It all began with a conversation around the dinner table. I had mentioned an incident of public confession at a church we had visited a few years ago. This then led to a question from my 17-year old son: “We’re not supposed to do that; doesn’t the Bible say that the right hand shouldn’t know what the left one does?” This then turned into a discussion about the natures of pride and humility. There we sat, with a table full dirty dishes between us, engaging in a conversation about the revolutionary demands of following Christ.
My son was right. The Bible does say:
But when you give to the needy, do not let your left hand know what your right hand is doing…. Matthew 6:3
We shouldn’t let one hand know what the other is doing. However, the context of this verse is explicit: we do this when we give to the needy. Jesus, as part of his Sermon on the Mount, commanded his followers to maintain no memory of the good things we do. We must not let ourselves know what we’ve done, let alone others. We are to practice humility when it comes to acts of good will.
My son was also mistaken. The Bible also says:
Therefore confess your sins to each other and pray for each other so that you may be healed. The prayer of a righteous person is powerful and effective. James 5:16
We should be confessing our sins to each other, in proportion to the breadth of the offense and the depth of our relationship. James commands Christ’s followers to maintain accountability for the bad things we do, otherwise we are in danger of damaging our souls and dropping into prideful arrogance. We need to practice humility when it comes to acts of ill will.
All this caused my son, in resignation, to say that what we were saying was messed up. But the fact remains that the ways of the world – celebrating our altruism publicly and covering our mistakes privately – are diametrically opposed to the ways of the Lord – admitting our mistakes publicly and allowing our acts of kindness to remain private. All who follow Jesus cannot follow the patterns of the culture, and instead of ‘cleaners’ and ‘plausible deniability’ we must embrace confession and transparency.
This is truly a revolutionary lifestyle. While everyone around us might tell us to take pride in our positive accomplishments, we need to remain humble. While everyone around us might tell us not to dwell on our mistakes, we need to deal with our sin. This requires us to rely on God’s Spirit to lead us – to trust that He sees the good that we do (even when no one else does) and will reward us and to know that He sees the bad that we do (even though no one else might) and will forgive us.
So, we who know Jesus as Lord and Savior must admit our weaknesses to someone and expect no one to know our goodness. In a world drenched in abuse and aggression, a posture of humility like this would go a long way to addressing some of the pain.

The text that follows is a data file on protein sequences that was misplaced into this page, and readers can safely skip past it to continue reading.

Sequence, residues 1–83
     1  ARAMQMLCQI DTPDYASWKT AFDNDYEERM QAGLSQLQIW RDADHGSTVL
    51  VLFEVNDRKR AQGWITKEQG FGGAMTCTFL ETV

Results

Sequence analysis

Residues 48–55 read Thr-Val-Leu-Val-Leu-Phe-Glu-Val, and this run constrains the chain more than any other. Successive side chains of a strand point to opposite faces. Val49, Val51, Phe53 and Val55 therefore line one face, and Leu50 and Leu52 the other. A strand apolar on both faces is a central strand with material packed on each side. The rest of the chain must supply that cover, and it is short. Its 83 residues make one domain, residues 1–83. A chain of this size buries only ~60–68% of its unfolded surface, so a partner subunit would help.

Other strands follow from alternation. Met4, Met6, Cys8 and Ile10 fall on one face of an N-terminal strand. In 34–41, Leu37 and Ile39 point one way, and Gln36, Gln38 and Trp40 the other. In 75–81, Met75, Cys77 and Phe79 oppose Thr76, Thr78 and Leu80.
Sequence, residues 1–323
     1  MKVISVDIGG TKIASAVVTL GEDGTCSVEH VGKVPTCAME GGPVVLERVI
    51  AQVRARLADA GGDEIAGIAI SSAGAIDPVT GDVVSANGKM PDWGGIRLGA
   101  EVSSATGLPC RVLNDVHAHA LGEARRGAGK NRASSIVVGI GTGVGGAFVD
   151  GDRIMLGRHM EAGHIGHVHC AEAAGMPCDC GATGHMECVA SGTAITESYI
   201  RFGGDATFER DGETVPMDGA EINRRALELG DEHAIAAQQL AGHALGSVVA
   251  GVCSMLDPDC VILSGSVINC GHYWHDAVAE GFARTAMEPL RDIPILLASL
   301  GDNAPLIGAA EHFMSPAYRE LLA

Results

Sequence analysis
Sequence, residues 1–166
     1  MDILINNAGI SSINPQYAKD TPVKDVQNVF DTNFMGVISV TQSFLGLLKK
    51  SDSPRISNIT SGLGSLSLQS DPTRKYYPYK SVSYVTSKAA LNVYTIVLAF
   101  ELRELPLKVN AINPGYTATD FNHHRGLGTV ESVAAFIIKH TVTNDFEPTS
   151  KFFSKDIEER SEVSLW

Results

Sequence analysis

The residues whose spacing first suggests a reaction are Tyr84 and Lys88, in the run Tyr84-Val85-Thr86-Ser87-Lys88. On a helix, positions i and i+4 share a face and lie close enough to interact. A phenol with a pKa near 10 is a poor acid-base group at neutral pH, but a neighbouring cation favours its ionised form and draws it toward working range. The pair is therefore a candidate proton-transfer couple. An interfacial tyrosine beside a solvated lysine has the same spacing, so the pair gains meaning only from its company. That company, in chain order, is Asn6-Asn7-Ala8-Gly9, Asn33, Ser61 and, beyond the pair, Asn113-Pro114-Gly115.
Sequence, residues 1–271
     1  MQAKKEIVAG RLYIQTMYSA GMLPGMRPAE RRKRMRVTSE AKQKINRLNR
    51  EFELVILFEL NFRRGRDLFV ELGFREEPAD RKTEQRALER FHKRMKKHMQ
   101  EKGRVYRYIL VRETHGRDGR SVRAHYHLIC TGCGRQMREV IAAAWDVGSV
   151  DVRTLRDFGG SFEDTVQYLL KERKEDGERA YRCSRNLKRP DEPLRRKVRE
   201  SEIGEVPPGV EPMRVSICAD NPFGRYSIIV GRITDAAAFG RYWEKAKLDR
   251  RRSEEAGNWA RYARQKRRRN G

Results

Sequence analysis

As I was shoveling last week, I lost something amidst the snow for a moment. I was not immediately aware of what happened at that moment, but thankfully, I quickly recognized what was happened and was able to restore, mostly, what had been lost. The troubling fact about this encounter with nature was that it was not my keys or my phone that I lost; it was my character. Through an interaction with a cranky neighbor, my fleshly nature was revealed and my witness as a follower of Christ was trampled. In a moment, I went from being a light to the world to being dim-witted.
All I remember about the interaction is his question: “Would you like it if they threw snow onto your property? You think you’re entitled.” Aside from the fact that I have no property to speak of, he exposed my lapse of judgement. I was justifying myself with the thought that this other neighbor, whose space I was piling my shoveling onto, did not have a car. I was rationalizing my actions as a response to the fact that the street had yet to be plowed and my small increase in the drift would be addressed by the city’s plow. Still, my neighbor was right.
So in everything, do to others what you would have them do to you, for this sums up the Law and the Prophets. Matthew 7:12
I was not treating my neighbor the way I would want to be treated. I was not reflecting the nature that the Spirit of God had given me when Christ saved my sorry state and transformed my selfish soul. Fortunately, in the midst of the interaction, I realized my error and removed my additions to the drift and, as an act of contrition, enlarged my neighbor’s walkway. It did not go unnoticed by my cranky neighbor; we swapped apologies (turns out he was unable to get an oil delivery and temporarily lost his heat) and I offered him a space-heater (which he appreciated but declined). He was gracious enough to repair my reputation, for which I praise God.